As recounted by historian Douglas C. Baynton, that was the case for Fischmann, who had left his native Russia amidst pogroms against Jews. Fischmann, immigration authorities determined, had a “certified condition in such that he would have considerable difficulty in acquiring or retaining employment.” It didn’t matter that on appeal he was supported by the Hebrew Immigrant Sheltering and Aid Society, as well as the Fagan Iron Works, which offered him a job. Fischmann, according to Baynton, was ordered deported. He traveled to Belgium, where he worked digging trenches during the German siege of Antwerp during World War I, then fled to London, where he became a laborer in a refugee camp, according to Baynton.
Fischmann got another chance to travel to Ellis Island to seek entry to the U.S. in 1915, where he was again identified as having a physical defect and excluded as a public charge. By then, however, the political winds and his fortunes had changed: with Europe at war, returning Fischmann would likely put him in danger. He was admitted to the U.S. under bond to be with his brother and sister in New York.
“The immigration restrictionists of the late nineteenth and early twentieth century assumed that ‘inferior’ ethnic groups were more prone to disabilities,” Baynton, of the University of Iowa, wrote in an email. “It was part of the very definition of inferiority. Early immigration laws were intended to keep out ‘defective’ individuals, which they assumed would also mean fewer members of ‘defective’ ethnic groups being admitted.”
By the 1920s, authorities determined that the system of inspecting individuals was “too inefficient and expensive” to reduce the immigration of “defective types,” Baynton wrote. Congress instituted national quotas instead, severely restricting immigration from southern and eastern Europe. The quotas, combined with the Chinese exclusion law, “had a profound effect on U.S. demographics.”
After World War II, the use of public charge became less routine, except in extraordinary cases, Park said. She has documented how, in the late 1990s, authorities in California experimented for five years by applying the public charge label to control access to taxpayer-funded healthcare by low-income immigrant mothers.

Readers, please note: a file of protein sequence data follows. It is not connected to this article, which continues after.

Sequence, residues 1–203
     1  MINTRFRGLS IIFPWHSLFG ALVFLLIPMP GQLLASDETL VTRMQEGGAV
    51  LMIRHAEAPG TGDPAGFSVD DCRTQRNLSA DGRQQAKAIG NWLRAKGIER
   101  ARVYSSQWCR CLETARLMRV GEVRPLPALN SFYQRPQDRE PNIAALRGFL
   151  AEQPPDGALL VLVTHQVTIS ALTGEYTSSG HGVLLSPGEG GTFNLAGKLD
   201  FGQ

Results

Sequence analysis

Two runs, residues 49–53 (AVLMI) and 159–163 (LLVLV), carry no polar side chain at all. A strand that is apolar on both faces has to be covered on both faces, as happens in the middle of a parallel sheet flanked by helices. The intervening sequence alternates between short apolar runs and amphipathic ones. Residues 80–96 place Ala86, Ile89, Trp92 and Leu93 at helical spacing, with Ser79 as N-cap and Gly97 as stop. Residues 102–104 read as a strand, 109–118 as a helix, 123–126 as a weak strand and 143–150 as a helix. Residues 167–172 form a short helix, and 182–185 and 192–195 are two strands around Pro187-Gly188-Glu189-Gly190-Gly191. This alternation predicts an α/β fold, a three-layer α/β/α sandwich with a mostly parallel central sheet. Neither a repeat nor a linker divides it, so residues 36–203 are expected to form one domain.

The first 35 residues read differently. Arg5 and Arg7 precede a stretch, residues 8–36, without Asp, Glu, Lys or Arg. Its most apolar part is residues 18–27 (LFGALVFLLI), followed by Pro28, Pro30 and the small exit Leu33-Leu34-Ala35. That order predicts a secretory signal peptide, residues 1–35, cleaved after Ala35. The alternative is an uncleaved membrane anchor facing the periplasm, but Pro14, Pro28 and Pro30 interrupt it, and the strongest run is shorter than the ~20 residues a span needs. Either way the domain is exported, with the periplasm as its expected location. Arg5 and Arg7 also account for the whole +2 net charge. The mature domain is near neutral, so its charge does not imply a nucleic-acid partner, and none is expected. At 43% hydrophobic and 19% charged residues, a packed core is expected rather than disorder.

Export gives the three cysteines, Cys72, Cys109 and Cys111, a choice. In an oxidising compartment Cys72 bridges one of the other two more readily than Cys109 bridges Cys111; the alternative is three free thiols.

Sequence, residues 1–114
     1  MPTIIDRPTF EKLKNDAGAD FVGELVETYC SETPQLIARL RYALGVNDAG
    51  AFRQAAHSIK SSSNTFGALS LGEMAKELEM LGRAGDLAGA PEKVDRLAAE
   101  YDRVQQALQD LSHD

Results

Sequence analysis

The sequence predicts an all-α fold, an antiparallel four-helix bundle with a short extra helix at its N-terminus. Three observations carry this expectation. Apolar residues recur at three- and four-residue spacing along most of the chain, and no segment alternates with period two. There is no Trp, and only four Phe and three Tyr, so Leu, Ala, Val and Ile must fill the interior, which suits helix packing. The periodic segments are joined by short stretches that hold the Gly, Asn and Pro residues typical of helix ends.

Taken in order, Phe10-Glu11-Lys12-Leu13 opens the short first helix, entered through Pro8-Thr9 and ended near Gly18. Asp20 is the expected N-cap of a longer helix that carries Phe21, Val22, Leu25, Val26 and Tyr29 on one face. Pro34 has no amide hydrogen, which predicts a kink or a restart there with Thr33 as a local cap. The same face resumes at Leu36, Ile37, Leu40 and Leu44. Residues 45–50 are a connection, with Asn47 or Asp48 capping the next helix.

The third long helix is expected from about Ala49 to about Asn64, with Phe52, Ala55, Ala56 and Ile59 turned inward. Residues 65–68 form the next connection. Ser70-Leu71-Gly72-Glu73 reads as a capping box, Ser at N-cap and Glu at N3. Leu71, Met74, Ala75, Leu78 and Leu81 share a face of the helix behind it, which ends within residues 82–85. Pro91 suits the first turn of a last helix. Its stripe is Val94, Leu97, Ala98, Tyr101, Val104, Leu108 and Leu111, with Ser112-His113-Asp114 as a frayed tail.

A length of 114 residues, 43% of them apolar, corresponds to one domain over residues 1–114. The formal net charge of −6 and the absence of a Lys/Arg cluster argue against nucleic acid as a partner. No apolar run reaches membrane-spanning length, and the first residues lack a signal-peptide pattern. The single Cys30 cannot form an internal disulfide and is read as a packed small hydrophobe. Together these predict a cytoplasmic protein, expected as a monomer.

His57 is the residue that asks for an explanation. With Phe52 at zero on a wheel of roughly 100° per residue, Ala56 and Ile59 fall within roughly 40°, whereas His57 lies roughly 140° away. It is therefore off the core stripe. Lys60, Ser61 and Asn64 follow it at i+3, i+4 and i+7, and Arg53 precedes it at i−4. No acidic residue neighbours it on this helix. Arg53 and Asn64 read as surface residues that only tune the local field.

Public charge was redefined to take into account new factors — such as age and wealth — with the new federal immigration law passed in 1996. However, today’s public charge was shaped largely by 1999 guidelines and administrative guidance that narrowed the definition. The Trump administration published its proposed rule on Oct. 10. The public has 90 days, or until Dec. 10, to submit comments.
Public Charge And Family Integration
Besides targeting the poor, the Trump proposal is also expected to hit families. “Ultimately, one of the worst impacts will be the way in which this rule could tear families apart,” the New York City Bar Association said in a statement released this month.
“If this rule goes into effect as written, it’s going to be much more difficult for families to sponsor relatives,” said Victoria F. Neilson, the chair of the immigration and national law committee at the Bar Association. That’s because many people seeking green cards or permanent resident status apply through immediate family members.
The Houston Chronicle reported that the proposal could affect approximately 200,000 married couples each year in the U.S. That’s because the Trump administration may deny green cards to anyone “likely” to become a public charge in the future if a non-citizen household earns less than 250 percent of the poverty line, or about $63,000 a year for a family of four. If a citizen spouse married to a green card holder doesn’t make sufficient income to support both of them, or if the immigrant spouse doesn’t have a high enough income, that person could be considered likely to be a public charge.
Neilson called the Trump plan a “very punitive way of looking at family integration” and one that she hasn’t seen in her 20 years of working as an immigration attorney.
Poor and middle-class immigrants coming to the country would find it very difficult to overcome the public charge requirements, she said. With the country becoming increasingly diverse, she said it “does seem as if the administration is taking steps to halt those changes to American demographics.”
For Park, the potential expansion of public charge is bad enough; but she is even more concerned with what is on the horizon. The current Trump proposal would apply to non-citizens seeking admission or permanent status. However, the Trump administration is also exploring methods to apply public charge for deportation.